Security officers and gangsters shout and take pictures and videos while Benedictine monks pray at the disputed area on Aug. 11 (Photo supplied)
Benedictine monks in central Vietnam have publicly called on government-led land grabbers to end their "acts of terrorism" against them and respect human rights.
The monks accused the Thua Thien Hue provincial government of organizing and sponsoring a group of 40 land grabbers to penetrate their monastery on Aug. 11-12 while local people were taking social distancing measures to stem the Covid-19 pandemic.
They said land grabbers with placards and leaflets “threatened and terrorized us and vilified our monastic life.”
They said they had identified those who led the attackers as officials from the People’s Committee of Thuy Bang Commune and security officers who had broken into the monastery on Aug. 10.
The Benedictines said the assailants used loudspeakers to slander the Catholic Church as they did in June 2017 when they smashed the crucified statue on a cross and brutally beat many monks.
The monks said the provincial government’s constant violent acts “go against civilized behavior and treat Catholics like hostile forces in order to remove them out of social activities in the province.”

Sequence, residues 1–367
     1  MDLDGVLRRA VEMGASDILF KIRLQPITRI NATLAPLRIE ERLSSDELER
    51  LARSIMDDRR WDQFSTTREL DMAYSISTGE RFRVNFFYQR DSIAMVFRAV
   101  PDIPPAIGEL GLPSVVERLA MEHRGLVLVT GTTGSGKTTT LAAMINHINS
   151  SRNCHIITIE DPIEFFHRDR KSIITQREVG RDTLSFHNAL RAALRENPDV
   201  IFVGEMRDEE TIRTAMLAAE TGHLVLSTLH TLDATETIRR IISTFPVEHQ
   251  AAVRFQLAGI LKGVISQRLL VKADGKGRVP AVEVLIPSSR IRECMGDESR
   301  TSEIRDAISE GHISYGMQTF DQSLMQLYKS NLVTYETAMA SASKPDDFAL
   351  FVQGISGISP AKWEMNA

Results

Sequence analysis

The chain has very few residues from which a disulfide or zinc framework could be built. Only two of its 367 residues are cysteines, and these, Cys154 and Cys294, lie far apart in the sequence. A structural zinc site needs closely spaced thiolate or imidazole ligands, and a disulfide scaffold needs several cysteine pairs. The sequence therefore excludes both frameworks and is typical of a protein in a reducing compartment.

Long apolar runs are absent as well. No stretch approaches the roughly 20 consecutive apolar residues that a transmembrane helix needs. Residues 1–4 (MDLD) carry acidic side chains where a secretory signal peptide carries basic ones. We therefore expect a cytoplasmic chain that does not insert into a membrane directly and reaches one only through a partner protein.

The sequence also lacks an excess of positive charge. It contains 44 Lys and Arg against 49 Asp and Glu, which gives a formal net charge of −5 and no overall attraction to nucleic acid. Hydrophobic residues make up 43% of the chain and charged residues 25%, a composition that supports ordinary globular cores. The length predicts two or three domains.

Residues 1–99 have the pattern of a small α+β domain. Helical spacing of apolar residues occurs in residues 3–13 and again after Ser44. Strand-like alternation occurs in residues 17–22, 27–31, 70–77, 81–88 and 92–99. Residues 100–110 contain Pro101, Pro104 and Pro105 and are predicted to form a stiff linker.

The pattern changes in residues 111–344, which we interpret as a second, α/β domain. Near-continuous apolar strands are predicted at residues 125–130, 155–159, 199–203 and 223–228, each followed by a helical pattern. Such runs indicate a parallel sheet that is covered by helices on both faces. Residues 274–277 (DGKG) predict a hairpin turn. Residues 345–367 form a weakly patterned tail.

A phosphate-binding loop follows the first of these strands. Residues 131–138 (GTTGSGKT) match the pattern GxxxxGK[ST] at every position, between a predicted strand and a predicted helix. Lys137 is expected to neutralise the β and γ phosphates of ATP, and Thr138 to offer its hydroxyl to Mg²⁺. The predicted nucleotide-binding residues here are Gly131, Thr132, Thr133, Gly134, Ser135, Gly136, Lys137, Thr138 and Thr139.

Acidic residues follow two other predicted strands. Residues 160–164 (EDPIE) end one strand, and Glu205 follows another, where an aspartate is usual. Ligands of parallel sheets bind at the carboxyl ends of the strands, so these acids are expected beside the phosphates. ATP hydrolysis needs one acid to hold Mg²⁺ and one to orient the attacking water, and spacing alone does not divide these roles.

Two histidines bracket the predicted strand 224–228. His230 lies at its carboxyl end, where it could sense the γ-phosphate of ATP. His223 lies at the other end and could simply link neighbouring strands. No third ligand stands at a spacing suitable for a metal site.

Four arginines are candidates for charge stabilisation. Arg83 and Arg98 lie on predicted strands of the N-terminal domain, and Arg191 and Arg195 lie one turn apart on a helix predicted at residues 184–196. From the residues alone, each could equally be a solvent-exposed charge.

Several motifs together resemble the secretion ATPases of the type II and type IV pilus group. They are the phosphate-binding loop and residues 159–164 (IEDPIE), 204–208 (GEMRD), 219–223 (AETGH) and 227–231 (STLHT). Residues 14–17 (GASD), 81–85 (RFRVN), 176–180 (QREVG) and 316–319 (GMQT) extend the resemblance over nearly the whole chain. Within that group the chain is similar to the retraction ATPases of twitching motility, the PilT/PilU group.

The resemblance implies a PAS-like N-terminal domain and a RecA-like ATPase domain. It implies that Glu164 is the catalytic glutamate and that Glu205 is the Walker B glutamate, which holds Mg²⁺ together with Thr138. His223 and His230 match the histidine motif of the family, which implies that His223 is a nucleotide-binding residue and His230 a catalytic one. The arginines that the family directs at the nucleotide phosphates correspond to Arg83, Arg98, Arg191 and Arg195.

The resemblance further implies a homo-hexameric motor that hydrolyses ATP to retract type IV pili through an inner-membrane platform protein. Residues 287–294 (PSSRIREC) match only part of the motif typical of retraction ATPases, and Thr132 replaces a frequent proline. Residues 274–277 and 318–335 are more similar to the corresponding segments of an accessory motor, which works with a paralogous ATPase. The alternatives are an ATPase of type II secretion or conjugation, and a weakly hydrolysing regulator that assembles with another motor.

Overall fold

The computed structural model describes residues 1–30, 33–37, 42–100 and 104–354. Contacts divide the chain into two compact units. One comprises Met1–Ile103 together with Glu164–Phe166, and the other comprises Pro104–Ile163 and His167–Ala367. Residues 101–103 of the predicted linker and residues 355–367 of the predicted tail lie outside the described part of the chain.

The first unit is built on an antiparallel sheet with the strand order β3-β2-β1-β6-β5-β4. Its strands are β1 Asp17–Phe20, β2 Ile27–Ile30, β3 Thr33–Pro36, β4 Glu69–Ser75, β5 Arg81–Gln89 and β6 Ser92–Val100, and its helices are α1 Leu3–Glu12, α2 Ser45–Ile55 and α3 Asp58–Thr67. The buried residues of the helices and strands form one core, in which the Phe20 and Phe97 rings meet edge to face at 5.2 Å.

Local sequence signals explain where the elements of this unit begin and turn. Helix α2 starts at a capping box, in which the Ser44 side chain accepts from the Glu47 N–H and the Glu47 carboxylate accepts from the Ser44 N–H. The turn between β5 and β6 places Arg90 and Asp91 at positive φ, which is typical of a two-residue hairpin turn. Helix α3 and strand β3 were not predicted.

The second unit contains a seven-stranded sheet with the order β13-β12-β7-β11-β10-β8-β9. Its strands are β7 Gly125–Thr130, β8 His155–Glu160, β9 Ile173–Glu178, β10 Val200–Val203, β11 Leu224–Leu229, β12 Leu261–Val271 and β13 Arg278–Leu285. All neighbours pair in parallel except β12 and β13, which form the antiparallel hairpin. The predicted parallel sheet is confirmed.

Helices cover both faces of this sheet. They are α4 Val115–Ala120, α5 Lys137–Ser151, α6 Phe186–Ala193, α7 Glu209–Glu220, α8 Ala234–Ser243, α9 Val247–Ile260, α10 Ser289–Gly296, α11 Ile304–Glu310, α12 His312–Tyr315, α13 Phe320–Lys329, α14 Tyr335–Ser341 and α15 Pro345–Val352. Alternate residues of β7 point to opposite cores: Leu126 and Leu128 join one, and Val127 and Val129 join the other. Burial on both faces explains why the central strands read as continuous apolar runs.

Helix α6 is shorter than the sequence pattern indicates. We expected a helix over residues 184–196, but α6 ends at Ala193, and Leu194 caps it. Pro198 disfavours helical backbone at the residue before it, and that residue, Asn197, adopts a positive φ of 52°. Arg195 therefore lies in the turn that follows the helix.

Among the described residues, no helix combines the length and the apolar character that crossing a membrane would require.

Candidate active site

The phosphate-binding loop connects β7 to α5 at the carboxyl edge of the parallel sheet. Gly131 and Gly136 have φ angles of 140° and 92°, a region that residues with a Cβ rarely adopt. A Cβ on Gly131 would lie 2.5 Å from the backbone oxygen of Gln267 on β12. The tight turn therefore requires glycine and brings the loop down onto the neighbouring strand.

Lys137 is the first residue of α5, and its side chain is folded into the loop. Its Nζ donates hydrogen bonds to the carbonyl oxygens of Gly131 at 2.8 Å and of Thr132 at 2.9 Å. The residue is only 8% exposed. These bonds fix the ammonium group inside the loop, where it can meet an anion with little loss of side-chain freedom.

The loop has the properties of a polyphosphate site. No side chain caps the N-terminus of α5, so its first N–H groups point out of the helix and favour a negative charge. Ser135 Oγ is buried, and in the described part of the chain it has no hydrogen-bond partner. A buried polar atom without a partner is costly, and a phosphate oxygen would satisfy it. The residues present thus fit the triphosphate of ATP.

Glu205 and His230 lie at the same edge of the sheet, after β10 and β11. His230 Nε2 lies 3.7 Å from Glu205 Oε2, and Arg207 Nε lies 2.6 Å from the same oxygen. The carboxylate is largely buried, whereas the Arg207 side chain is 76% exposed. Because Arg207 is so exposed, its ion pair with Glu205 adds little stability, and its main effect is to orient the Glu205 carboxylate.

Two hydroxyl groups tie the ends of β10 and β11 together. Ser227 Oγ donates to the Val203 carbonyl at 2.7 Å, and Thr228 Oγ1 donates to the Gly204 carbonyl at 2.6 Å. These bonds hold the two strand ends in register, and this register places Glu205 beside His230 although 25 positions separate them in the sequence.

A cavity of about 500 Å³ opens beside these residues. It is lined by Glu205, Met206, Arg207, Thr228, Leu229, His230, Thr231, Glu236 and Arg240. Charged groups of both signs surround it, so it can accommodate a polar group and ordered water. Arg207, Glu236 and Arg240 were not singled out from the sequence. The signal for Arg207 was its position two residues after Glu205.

“In God’s love, we wish those individuals and agencies to behave well and respect basic human rights and dignity by law,” Father Andrew Thong Nguyen Van Tam, superior of Thien An Monastery, said in a press release on Aug. 14.
Father Tam asked them to immediately end gathering security officers and gangsters to terrorize the monastery and disrespecting the monks’ dignity and honor.
He also urged foreign diplomats, rights groups and people of other faiths to take necessary measures to protect the monks’ reason, interests and truth.
A local Catholic told UCA News that local government authorities set up a station near the monastery’s gate and checked all people who want to visit the monks. They also erected a 100-meter-long barbed wire fence preventing the monks from approaching a lake in the disputed area.
Disputes between the monks and the government have lasted for decades since the government forcibly appropriated their properties and facilities after 1975. A state-run company sold many plots to local people and officials who built houses and restaurants.
The monks started to cultivate their 106-hectare land and pine forests in 1940.
The monks have filed petitions many times to demand local government authorities return their properties, but they got no response from the government.
Property disputes between the people and government authorities are rampant in the Southeast Asian country as the communist government refuses to recognize private ownership of property.